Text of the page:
Very fast, rich countries suffering from Covid, such as the USA and the UK, started vaccination, and have now vaccinated half of their population. The UK has over 85% of all adults with at least one vaccine. In this way, they have slowed Covid, even though they were unable to contain it by other public health measures. 


In Mauritius, on the other hand: we managed to slow down Covid (so far) with preventive methods such as masks, social distancing, lockdowns, testing alongside contact tracing and government-paid for admissions for quarantine. This was possible only because we already have this tradition of controlling infectious diseases by action taken together. Together, we eradicated malaria. Together, we prevented oncoming overpopulation. We eradicated polio, and all the infectious diseases that affect children. And we contained the Covid first wave, and we are holding off (only just) the second wave. And vaccines are coming to save us now. If enough of us manage to get vaccinated fast enough. A race against the clock.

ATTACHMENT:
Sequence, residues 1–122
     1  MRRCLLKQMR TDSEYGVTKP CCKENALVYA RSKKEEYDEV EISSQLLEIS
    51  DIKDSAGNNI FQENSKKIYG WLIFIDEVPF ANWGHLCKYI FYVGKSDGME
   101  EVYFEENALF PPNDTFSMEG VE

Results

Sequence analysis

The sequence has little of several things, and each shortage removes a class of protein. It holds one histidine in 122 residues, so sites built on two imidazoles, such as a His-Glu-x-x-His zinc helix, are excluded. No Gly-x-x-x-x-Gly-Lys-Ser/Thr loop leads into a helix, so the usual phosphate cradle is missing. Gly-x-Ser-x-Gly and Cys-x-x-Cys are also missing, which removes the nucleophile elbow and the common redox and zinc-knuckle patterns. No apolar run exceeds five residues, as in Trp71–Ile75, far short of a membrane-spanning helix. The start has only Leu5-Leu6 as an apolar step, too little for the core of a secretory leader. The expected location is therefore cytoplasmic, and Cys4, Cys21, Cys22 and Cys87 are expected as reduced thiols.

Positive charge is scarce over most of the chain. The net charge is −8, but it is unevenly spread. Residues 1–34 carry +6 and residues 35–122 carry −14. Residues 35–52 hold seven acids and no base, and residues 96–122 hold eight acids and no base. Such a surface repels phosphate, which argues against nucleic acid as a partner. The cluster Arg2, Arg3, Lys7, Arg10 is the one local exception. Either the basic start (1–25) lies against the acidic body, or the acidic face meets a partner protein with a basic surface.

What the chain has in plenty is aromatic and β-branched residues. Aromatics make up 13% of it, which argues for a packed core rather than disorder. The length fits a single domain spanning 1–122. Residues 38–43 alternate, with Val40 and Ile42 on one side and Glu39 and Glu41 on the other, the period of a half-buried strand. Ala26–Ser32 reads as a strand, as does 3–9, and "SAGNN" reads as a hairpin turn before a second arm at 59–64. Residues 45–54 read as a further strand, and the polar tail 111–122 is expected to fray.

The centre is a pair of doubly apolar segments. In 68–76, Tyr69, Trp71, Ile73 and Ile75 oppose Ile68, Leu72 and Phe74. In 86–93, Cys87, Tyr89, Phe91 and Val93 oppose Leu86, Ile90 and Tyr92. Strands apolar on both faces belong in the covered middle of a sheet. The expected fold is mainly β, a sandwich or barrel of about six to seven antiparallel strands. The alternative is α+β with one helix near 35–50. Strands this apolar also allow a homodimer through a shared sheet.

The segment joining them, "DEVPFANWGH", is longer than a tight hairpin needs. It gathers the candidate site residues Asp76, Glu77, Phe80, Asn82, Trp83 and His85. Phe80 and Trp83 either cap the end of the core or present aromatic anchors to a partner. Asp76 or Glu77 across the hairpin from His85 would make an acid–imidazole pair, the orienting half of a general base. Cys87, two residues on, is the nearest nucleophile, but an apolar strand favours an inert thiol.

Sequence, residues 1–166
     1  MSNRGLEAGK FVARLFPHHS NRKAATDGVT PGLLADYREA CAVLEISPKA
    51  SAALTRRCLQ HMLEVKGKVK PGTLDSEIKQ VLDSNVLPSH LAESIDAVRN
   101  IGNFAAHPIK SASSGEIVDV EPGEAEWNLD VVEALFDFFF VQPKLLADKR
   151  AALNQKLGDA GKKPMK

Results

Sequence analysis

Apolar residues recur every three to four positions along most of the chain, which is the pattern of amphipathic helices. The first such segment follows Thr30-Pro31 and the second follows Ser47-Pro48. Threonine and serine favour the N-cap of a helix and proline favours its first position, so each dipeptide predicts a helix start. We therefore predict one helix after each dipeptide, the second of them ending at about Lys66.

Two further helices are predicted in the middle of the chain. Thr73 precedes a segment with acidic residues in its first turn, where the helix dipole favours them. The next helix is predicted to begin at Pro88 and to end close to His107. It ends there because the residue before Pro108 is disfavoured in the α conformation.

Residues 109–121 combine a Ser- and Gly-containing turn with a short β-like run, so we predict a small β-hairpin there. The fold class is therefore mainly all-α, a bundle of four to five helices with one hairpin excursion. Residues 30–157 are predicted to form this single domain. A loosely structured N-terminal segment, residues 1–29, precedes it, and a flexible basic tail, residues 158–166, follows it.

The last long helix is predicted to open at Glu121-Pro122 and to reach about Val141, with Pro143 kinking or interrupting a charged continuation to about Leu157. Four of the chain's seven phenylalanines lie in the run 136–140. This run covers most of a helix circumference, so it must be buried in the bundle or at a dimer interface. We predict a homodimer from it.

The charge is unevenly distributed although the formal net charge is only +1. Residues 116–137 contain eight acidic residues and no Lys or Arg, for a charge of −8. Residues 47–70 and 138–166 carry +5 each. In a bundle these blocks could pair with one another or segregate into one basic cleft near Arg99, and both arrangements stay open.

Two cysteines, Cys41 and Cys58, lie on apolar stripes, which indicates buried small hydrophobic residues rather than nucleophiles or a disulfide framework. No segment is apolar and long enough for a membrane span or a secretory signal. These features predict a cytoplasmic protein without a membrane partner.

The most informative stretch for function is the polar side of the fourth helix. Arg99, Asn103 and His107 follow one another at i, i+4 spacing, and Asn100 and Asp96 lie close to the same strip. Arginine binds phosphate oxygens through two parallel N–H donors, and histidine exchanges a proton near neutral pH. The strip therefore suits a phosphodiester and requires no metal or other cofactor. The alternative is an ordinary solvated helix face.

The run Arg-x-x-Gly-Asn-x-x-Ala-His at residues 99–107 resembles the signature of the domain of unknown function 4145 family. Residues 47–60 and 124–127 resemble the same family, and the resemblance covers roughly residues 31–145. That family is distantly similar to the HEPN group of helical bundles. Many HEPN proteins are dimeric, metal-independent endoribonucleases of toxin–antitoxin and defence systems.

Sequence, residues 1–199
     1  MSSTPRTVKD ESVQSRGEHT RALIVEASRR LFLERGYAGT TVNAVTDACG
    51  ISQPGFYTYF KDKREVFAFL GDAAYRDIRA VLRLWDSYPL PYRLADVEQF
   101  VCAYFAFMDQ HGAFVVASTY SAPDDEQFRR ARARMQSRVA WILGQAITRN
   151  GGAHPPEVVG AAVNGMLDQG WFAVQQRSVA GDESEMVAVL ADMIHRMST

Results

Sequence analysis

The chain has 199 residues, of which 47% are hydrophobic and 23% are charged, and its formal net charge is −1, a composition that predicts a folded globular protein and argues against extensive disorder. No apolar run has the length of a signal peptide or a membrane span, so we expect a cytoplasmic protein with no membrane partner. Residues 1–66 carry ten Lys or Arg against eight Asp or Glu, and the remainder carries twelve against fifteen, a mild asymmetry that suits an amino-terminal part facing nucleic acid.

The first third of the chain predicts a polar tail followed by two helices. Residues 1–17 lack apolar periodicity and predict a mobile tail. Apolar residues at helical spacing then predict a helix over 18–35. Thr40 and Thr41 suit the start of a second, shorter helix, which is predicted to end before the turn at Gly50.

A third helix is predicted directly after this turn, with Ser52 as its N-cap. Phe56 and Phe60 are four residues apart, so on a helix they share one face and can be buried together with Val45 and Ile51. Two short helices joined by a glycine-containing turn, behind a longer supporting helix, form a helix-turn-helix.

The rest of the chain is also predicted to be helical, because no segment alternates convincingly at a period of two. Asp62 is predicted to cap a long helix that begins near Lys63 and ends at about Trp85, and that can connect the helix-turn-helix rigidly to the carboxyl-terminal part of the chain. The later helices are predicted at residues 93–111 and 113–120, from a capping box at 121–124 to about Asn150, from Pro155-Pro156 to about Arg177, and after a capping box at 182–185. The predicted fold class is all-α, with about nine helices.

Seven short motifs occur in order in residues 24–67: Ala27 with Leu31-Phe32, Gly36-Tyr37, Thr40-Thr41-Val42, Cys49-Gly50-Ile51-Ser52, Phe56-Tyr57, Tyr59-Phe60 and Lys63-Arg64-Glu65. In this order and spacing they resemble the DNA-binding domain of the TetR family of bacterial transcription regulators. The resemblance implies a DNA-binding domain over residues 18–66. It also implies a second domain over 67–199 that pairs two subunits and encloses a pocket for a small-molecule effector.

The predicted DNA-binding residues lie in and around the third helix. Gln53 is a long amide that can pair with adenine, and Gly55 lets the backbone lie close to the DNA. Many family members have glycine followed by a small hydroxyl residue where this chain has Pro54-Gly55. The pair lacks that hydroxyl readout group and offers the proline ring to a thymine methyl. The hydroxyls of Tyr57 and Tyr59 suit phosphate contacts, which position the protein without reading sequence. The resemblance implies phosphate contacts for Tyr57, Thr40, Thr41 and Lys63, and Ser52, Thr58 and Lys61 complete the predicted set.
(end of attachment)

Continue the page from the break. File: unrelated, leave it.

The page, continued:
In Mauritius, 60% of adults have got their first dose, and 35% are fully vaccinated (8 July). To reach collective immunity for Covid, we must aim for 70% or more of the whole population being fully vaccinated. So, we have far to go. And before we reach this goal, we are still in danger. That means we have no choice but to stay strict on all preventive methods that we have been using so far. And, we now have a new duty. We must halt the propagation of these fake news, much of which is spread by “fear-mongers” whose goal is to make people doubt the vaccine, refuse to take it.